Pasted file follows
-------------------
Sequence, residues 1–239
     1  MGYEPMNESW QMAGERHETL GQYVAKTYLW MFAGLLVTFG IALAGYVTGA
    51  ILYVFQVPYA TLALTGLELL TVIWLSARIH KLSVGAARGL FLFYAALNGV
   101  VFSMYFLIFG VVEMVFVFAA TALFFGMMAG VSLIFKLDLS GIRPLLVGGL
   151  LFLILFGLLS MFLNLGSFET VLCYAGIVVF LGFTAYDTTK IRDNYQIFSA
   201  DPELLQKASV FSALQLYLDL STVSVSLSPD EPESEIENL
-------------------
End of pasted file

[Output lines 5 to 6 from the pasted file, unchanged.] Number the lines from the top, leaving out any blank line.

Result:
   151  LFLILFGLLS MFLNLGSFET VLCYAGIVVF LGFTAYDTTK IRDNYQIFSA
   201  DPELLQKASV FSALQLYLDL STVSVSLSPD EPESEIENL